- Coles (COL) supermarket chain continues to freeze out its employees striking for better job security
- According to the United Workers Union, Coles is planning to phase out a major Sydney warehouse in favour of a more automated work load by 2023
- Demonstrations by the Union outside the warehouse began in November, with the crowd demanding stronger redundancy entitlements
- In response, Coles shut out workers from the warehouse, which could last for three months
- The United Workers Union claims the shutout has affected surrounding stores, with essential items such as tissues and nappies disappearing from shelves that need stocking
- Coles is up a slight 0.67 per cent and shares are trading at $18.10
Tensions between unions and the Coles (COL) supermarket chain continue to rise amidst negotiations of job security.
When Coles employees represented by the United Workers Union began to strike in November, they were locked out of a major Sydney warehouse.
According to the union, over 350 employees have been shut out — with the freeze possibly lasting up to three months.
Workers under Coles have been negotiating for higher job security, owing to fears of automated transformations. As well, the workers have been requesting a higher standard in redundancy entitlements.
The union claims the warehouse will close in 2023 to favour a more automated mode of business.
Coles executives have combatted the aggrieved workers with offers of higher pay. The union has stayed adamant with reluctance to accept the pay rise.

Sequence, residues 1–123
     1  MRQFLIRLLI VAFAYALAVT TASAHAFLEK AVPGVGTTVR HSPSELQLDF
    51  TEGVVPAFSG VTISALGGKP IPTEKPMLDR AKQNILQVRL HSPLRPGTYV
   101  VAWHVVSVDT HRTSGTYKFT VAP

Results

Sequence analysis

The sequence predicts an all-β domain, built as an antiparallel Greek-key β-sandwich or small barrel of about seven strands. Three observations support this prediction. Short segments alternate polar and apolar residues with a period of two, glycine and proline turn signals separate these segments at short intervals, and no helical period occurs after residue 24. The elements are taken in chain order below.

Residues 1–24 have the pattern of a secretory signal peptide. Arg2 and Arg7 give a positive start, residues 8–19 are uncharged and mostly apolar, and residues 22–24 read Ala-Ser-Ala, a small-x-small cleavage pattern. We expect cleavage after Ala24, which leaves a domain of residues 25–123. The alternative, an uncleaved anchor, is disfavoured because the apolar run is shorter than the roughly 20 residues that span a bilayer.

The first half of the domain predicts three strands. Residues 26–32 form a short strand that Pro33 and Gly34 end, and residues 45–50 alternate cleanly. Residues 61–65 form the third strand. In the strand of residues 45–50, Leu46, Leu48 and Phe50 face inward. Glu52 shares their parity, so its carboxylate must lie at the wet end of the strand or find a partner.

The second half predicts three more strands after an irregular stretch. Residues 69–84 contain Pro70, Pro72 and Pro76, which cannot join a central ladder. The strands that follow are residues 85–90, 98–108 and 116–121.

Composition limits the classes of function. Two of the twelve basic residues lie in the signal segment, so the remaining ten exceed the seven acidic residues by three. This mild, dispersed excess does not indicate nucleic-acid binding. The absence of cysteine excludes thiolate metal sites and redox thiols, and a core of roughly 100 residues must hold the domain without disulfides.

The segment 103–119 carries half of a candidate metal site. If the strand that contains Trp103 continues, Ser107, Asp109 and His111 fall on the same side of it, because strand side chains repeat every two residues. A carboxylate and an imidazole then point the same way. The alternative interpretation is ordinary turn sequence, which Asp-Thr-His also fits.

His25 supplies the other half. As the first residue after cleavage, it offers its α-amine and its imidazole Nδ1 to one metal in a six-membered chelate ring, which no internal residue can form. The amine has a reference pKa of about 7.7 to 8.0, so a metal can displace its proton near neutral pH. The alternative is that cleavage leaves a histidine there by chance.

Scenes on Friday showed large demonstrations by the union outside the warehouse.
In a press release, United Workers Union Logistics Director, Matt Toner, voiced his dismay.
“It’s clear the closure of one of Coles largest warehouses is causing huge strains across Coles’ NSW operations as they go into the busiest period of the year,” he said in reference to the upcoming holidays season.
Throughout the ongoing COVID-19 pandemic, Coles workers have made efforts in overtime to ensure shelves remained stocked.
Toner claims these same shelves are now bare due to the locked out workers — a scenario Coles management reportedly promised wouldn’t happen.
“Right now Coles is breaking its promise to customers that there wouldn’t be shortages because of their decision to lock out their workers,” he said.
“There is clear, undeniable, photographic evidence of stock shortages in Coles supermarkets across south-western Sydney and the South Coast”.
The United Workers Union claims shortages of essential items such as; nappies, canned food, tissues, and bottled water, have appeared in the surrounding stores.
Evidence of these shortages were linked in the union’s press release.
“Workers were simply making legitimate claims about their redundancies and took action as they are entitled to,” Toner reiterated in his statements.
“Workers want to get back to serving their communities, what they are mainly asking for are redundancy provisions that attempt to address the terrible jobs market they are facing when the warehouse ultimately closes”.
Coles is up a slight 0.67 per cent and shares are trading at $18.10 in early morning trade.